Bloodstream infections are one of the main adverse effects of healthcare in Spain. In our hospital, we have reported that the mean incremental cost of patients who develop bacteremia during admission was €15,526 (US$18,314.62) per discharge, representing an annual increment in hospital cost of €1,108,190 (US$1,307,232) in 2005–2012. Moreover, we have also observed that only 15.4% of episodes of our bacteremia occur in intensive care units, with most of these infections (67%) occurring in conventional units.1 Therefore, we started several initiatives to reduce healthcare-associated bloodstream infections. Herein, we describe one of these initiatives, which is the implementation of the intravascular therapy team (ITT) and its effect on the observed healthcare-associated bloodstream infections. Methods: This retrospective analysis evaluated the incidence of healthcare-associated bloodstream infections in a University Hospital of 520 beds from January 2014 to June 2019. The ITT was implemented in 2017. This is a multidisciplinary team with 2 specialists in infection control and 2 specialists in intravascular therapy. We evaluated the annual incidence rate of healthcare-associated bloodstream infections (number of bacteremia episodes per 1,000 days of hospital stay) and its relation with the interventions carried out by the multidisciplinary team. Results: The annual incidences of healthcare-associated bloodstream infections (episodes per 1,000 days of hospital stay) were 0.50 (2014), 0.46 (2015), 0.58 (2016), 0.69 (2017), 0.60 (2018), 0.51 (first quarter 2019), and 0.38 (second quarter 2019, 0.38), respectively. The highest incidence of bacteremia was observed in 2017 when the ITT started the following actions: (1) following a clinical protocol to improve the appropriateness in the utilization of new devices such as a peripherally inserted central catheter (PICC) and Medline; (2) continuous training of healthcare professionals, particularly young staff; (3) feedback with hospitalization units; and (4) proactive surveillance of venous access manipulation and maintenance. The interventions were designed, implemented, and evaluated by the ITT and were well accepted by healthcare professionals. After the implementation of the ITT, the incidence of healthcare-associated bloodstream infections decreased. This trend was particularly relevant for parenteral nutrition catheters (episodes per 1,000 days of parenteral nutrition) (Fig. 1). Conclusions: The implementation of the ITT in our center has allowed us to considerably reduce the incidence of healthcare-associated bloodstream infections. From our experience, the interventions related to systematic evaluation, education, and feedback are key to obtain and maintain this improvement.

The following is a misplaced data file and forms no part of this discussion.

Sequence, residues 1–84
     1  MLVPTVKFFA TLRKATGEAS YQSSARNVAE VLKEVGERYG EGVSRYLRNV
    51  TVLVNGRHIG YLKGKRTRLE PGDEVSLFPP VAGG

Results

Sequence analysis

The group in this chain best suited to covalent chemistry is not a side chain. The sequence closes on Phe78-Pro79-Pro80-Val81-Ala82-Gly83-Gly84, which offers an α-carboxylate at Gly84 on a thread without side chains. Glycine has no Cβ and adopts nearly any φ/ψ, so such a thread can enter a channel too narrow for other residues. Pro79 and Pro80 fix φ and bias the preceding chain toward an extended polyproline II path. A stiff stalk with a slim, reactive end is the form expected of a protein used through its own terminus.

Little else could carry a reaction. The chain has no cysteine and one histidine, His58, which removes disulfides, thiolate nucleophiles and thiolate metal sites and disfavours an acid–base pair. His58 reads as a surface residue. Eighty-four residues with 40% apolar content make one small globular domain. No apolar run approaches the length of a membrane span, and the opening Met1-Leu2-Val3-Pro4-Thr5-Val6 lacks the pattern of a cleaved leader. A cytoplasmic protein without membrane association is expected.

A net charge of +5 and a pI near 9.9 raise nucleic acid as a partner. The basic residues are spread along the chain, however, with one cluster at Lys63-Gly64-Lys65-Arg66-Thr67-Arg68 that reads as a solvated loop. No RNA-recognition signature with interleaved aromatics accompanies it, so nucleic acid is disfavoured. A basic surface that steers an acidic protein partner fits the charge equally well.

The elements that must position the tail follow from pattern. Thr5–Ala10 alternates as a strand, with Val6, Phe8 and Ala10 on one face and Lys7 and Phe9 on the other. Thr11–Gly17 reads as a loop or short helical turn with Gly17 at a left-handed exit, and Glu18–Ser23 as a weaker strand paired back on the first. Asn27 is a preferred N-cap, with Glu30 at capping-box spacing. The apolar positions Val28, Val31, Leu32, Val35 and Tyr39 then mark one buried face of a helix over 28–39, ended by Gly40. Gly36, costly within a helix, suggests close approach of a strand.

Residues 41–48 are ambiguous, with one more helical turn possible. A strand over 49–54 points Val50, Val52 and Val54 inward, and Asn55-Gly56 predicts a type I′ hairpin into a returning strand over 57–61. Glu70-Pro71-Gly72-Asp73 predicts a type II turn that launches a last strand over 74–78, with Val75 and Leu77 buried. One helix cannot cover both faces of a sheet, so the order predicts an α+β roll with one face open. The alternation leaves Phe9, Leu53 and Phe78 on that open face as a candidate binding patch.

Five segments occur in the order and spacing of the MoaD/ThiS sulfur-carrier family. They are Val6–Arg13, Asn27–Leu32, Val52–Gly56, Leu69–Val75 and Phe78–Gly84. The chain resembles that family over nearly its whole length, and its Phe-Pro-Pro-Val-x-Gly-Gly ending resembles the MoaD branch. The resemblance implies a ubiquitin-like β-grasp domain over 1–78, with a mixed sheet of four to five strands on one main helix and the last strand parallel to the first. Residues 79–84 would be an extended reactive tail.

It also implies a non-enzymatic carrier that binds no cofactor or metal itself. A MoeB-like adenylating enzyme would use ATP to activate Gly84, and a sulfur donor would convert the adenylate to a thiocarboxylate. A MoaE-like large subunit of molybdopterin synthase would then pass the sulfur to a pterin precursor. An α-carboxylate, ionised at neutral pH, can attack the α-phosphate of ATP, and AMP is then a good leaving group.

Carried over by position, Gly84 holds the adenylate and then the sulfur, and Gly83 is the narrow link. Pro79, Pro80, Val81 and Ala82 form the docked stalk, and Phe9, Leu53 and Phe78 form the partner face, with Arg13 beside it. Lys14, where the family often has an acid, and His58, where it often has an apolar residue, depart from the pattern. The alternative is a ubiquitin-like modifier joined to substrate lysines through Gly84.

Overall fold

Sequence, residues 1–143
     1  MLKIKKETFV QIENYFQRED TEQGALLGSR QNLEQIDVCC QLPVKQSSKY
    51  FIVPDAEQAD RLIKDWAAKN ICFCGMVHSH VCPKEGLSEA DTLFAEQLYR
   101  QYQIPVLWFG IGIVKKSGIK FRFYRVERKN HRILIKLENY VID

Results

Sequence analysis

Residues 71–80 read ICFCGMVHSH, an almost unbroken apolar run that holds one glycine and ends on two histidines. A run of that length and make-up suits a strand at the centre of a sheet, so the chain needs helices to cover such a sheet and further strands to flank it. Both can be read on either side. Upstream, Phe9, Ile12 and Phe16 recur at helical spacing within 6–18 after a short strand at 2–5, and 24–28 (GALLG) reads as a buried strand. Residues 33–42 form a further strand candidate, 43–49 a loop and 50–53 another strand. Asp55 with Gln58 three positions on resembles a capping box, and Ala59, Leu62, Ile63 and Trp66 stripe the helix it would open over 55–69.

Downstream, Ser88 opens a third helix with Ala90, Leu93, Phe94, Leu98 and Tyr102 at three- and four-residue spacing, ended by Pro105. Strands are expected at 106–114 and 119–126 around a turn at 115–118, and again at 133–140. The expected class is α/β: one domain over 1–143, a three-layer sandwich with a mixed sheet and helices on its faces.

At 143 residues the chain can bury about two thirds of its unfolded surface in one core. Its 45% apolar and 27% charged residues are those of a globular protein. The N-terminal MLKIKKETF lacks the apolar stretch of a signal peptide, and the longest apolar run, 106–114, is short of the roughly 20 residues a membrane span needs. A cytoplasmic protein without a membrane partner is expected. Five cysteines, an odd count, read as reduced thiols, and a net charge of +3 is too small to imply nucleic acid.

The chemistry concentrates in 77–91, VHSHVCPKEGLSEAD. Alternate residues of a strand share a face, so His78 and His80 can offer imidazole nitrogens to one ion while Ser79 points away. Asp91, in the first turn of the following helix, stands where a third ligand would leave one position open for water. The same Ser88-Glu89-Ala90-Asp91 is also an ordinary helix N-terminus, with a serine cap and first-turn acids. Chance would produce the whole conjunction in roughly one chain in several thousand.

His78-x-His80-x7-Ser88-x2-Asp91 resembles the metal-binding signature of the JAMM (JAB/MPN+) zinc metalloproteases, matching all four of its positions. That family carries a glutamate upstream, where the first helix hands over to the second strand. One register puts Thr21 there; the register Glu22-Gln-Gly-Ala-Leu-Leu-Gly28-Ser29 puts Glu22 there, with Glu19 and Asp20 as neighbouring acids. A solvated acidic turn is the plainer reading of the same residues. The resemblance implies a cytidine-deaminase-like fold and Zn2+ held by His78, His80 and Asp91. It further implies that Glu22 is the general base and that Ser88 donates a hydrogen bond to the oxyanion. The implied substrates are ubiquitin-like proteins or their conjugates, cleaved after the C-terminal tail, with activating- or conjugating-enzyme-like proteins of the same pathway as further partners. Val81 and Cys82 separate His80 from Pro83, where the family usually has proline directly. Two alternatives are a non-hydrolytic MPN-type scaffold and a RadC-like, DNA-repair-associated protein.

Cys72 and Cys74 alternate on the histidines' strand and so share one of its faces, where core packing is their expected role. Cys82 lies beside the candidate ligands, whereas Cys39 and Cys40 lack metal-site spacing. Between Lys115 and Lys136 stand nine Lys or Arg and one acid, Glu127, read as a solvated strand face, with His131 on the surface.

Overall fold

Disclosures: Carlota Hidalgo-Lopez reports that this study was partly funded by Diversey. The authors did not receive direct Funding: from the sponsor, Juan Pablo Horcajada reports consulting fees from MSD, Pfizerand, and Menarini, as well as speaker fees from MSD, Pfizer, and Zambon.